Rethinking Configuration for Preview Environments: A new approach from Flowerwork

Patrick Wiseman

Most programming frameworks aren’t set up in a way that takes into account having more than one deployed environment. They consider development, testing and production environments, and that’s it. But realistically, any team building an advanced SaaS product will have more than one deployed environment.

So what can you do in response as your development efforts scale and your team hits this roadblock? Here’s a look at how we’re solving this problem at Flowerwork with a new approach for domain configuration.

The status quo of domain configuration – and why it’s a problem

Most programming languages and frameworks provide a way for developers to work locally in a development environment or a test environment that will mimic how they may work in a production environment.

For example, dotenv files contain the configuration for local development that will be made present in a deploy environment through environment variables, such as previews, staging or production. In most cases these only live on local development machines without any backups, and every new hire must spend time setting up their local environment (along with any external dependencies) during onboarding.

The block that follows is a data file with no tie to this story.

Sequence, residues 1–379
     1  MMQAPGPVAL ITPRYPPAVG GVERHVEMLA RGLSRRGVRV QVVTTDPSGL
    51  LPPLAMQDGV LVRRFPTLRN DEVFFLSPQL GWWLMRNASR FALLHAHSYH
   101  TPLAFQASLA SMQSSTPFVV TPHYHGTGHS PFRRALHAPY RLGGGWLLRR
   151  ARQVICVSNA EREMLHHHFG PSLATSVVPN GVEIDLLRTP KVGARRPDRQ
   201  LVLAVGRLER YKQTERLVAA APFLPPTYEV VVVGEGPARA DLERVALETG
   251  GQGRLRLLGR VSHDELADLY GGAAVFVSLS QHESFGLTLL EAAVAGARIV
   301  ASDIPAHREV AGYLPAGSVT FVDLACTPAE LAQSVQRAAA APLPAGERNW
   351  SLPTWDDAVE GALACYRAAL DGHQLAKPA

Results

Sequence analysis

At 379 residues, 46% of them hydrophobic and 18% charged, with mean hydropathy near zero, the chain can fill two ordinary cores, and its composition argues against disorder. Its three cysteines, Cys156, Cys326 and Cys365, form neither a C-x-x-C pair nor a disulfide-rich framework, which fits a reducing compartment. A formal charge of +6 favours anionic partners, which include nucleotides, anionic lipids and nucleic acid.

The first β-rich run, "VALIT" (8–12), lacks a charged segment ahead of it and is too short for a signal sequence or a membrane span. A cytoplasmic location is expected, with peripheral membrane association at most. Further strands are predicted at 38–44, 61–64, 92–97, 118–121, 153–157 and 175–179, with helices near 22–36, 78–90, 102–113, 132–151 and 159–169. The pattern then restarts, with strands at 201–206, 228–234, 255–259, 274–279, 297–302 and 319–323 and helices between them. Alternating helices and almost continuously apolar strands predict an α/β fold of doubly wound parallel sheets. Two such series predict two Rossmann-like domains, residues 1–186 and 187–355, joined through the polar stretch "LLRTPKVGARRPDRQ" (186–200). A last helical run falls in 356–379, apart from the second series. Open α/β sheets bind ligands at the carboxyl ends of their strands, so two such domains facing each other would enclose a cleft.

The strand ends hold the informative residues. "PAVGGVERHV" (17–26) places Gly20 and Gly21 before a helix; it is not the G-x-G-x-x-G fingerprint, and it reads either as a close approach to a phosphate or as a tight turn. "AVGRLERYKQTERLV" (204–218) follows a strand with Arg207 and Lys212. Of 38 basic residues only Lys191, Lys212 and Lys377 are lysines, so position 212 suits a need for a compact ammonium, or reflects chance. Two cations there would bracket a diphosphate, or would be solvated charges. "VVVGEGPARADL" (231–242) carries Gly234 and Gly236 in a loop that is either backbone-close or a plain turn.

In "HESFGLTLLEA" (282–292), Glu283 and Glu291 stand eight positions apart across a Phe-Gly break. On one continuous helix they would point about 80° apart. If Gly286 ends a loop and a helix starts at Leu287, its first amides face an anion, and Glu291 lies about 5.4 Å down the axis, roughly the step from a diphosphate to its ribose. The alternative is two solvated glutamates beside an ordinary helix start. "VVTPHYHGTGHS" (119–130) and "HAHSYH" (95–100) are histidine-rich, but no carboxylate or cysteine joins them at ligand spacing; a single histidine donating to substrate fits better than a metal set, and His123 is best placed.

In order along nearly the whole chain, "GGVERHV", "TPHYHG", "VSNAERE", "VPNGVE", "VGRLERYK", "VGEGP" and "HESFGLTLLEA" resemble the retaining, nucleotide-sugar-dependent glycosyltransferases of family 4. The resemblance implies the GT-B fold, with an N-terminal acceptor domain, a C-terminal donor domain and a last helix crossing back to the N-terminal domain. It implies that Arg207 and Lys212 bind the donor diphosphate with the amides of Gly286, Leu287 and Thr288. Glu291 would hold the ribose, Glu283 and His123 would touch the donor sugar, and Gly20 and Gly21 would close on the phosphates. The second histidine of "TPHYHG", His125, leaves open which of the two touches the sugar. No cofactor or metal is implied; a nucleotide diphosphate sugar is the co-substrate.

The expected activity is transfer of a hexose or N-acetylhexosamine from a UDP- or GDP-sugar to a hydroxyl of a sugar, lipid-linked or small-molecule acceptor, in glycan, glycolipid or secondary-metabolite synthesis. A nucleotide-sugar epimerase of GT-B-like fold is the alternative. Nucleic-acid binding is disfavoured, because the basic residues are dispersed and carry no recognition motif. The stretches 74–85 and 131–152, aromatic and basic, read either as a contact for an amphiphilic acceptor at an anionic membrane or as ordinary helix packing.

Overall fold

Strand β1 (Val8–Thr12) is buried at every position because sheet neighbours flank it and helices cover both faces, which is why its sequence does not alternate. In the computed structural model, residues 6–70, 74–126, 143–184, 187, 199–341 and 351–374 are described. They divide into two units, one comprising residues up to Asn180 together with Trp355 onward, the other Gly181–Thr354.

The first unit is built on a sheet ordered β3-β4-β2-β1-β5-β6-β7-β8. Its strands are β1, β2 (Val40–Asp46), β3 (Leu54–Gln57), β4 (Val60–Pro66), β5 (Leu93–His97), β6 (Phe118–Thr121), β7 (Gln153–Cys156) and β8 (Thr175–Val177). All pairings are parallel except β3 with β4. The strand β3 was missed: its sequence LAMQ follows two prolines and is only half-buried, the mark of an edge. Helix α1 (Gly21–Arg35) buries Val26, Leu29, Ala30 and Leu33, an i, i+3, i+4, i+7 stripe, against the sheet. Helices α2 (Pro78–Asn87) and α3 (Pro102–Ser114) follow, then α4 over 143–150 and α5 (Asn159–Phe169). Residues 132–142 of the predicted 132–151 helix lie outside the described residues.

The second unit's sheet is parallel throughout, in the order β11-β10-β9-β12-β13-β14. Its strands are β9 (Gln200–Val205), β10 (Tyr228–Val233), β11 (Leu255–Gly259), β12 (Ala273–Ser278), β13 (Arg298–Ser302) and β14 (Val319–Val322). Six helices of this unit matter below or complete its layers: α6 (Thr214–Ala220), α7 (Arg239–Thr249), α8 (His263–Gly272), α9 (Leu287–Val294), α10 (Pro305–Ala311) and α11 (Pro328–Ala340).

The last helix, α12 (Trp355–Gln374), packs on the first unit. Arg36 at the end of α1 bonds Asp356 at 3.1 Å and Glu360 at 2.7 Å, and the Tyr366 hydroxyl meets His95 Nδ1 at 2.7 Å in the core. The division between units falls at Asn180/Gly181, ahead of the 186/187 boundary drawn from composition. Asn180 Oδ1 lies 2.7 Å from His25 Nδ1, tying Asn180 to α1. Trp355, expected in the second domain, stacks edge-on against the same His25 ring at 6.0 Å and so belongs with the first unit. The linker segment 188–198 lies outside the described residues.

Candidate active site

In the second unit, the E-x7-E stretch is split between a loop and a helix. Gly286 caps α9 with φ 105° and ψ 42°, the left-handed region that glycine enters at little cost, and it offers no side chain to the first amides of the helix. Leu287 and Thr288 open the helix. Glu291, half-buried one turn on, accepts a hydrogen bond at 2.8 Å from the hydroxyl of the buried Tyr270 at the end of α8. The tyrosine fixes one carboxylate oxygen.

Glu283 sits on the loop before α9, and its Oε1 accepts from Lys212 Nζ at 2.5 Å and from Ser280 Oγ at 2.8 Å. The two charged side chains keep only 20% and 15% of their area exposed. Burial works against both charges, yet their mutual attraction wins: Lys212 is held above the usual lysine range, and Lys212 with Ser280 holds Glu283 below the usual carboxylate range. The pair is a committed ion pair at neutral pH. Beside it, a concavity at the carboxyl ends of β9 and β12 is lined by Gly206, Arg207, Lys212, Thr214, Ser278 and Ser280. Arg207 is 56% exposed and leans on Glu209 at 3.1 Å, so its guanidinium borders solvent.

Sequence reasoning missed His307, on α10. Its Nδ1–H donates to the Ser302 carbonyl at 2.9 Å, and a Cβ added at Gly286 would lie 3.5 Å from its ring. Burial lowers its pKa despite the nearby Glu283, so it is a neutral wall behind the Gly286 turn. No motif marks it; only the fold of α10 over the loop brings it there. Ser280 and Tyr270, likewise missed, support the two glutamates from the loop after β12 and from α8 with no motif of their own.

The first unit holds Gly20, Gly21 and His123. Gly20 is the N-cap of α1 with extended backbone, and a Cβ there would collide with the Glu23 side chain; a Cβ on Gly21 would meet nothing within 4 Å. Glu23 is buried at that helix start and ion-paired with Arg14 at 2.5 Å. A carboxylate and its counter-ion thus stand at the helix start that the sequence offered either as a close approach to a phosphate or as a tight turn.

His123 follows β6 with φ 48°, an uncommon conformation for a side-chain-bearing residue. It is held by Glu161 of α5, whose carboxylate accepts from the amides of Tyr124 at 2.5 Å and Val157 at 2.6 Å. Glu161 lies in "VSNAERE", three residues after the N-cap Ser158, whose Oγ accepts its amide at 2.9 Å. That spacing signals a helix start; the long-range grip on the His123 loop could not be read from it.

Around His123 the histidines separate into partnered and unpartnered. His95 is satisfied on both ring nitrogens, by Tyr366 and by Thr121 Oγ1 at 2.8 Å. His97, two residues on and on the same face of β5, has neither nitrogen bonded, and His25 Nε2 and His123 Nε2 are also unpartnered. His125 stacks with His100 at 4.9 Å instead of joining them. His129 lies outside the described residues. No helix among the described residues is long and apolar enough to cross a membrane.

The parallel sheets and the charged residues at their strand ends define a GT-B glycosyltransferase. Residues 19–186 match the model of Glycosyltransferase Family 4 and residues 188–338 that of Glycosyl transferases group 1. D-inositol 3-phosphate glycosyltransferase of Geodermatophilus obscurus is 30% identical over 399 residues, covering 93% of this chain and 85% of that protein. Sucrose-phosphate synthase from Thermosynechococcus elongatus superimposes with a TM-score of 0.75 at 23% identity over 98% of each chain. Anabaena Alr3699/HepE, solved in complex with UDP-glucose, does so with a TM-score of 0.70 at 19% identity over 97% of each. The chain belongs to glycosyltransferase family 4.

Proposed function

The end result is typically a setup that looks similar to this:

  • Dev is the environment for developers to run a server locally and is often paired with a local dotenv file
  • Test is the environment for developers to run tests locally or in CI
  • Prod is the environment for the application to run in production

This setup creates challenges when it comes to consistency (as everyone ends up running their own version of a local dev environment) and can prove time consuming, particularly for new team members since setting up a local environment serves as a roadblock to shipping code.

Why we’re flipping the status quo on its head

A better way to think about your core three environments is as development, test and deployed. This approach ultimately looks something like this:

  • The development configuration describes how to have the app behave when developing locally. What tends to top the list for Flowerwork is:
    • Human readable logs
    • Allowing stack traces on errors
    • A debug log level to show most log messages
    • A connection string for a local database
    • Configuration to watch for code changes and hot reload
    • External service integrations via dotenv files
  • The test configuration provides behavior to run tests locally and in CI. At Flowerwork, this includes:
    • A warning log level to hide most log output
    • Mock expected external network connections
    • A rule to disallow non-mocked external network connections
    • Inclusion of a mock database or mock database adapter
    • External service integrations via dotenv files
  • The deployed configuration provides the shared behavior to how you’d like all deployed environments to behave – previews, staging and production. We include the following at Flowerwork:
    • An info log level
    • Forced SSL connections